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Compressed Gas Safety


Research personnel must become familiar with the properties and inherent hazards of the compressed gases used in the laboratory. Compressed gas cylinders contain varying pressures of inert, toxic, flammable, or corrosive gases. Personnel must be cautious when handling or storing compressed gas cylinders. The safety data sheet and product labeling must be reviewed prior to using any compressed gases.

Hazards associated with compressed gases include oxygen displacement, fires, explosions, toxic gas exposures and high pressure. Compressed gas cylinders can become projectiles due to the high pressure if the cylinder or valve were to rupture. The following is a list of commonly used gases at the university and the hazards the gas presents:

  • Inert Gases – Nitrogen, Argon, Helium, Carbon Dioxide – Asphyxiant
  • Hydrogen – Flammable and Asphyxiant
  • Hydrogen Sulfide – Toxic, Corrosive and Flammable
  • Carbon Monoxide – Toxic and Flammable
  • Chlorine – Toxic, Corrosive and Oxidizer
  • Ammonia – Corrosive and Flammable
  • Methane – Flammable and Asphyxiant
  • Oxygen – Oxidizer
  • Fluorine – Toxic and Oxidizer
  • Acetylene – Flammable and Asphyxiant
  • Liquid Nitrogen – Asphyxiant and Extreme Cold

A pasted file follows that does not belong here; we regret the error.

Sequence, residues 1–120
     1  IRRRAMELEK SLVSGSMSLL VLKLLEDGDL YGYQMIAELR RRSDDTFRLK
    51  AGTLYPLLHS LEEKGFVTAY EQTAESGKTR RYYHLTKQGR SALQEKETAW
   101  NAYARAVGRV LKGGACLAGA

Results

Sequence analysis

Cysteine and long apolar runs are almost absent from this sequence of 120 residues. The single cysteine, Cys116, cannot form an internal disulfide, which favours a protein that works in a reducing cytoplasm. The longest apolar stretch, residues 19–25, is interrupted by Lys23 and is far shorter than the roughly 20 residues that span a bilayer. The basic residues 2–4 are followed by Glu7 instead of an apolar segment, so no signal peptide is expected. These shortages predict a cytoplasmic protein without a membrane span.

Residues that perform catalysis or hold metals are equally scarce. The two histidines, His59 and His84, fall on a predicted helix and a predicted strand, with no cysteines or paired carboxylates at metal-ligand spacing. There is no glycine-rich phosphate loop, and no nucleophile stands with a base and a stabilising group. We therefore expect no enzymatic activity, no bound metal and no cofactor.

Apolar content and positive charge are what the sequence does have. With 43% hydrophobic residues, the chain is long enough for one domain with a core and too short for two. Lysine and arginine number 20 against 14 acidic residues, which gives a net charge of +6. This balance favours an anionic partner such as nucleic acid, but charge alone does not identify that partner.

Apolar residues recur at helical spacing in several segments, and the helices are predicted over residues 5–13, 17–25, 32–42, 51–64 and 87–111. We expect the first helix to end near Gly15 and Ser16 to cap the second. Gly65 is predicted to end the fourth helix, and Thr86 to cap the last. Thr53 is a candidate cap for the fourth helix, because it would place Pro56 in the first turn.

• Nitrous Oxide – Asphyxiant and Oxidizer
  • Nitric Oxide – Toxic and Oxidizer
  • Propane – Flammable and Asphyxiant

All compressed gases that are classified as toxic or flammable must be stored in ventilated gas cabinets equipped with a leak detection system. Oxidizing gases must be stored 20 feet away from all flammable gases.

Compressed gas cylinders must be transported on a hand truck or cart equipped with a chain. The valve cap must be on during transportation. Research personnel must not roll or drag the cylinders to the desired location.

Compressed gas cylinders empty or full must be secure in the upright position at all times. The valve cap must in place during storage and transportation.

Review the Chemical Hygiene Plan or Laboratory Safety Manual for a detailed discussion on the proper handling of compressed gas cylinders. In addition, EH&S has developed a Chemical Safety Summary (CSS) on hydrogen safety to ensure proper handling and storage.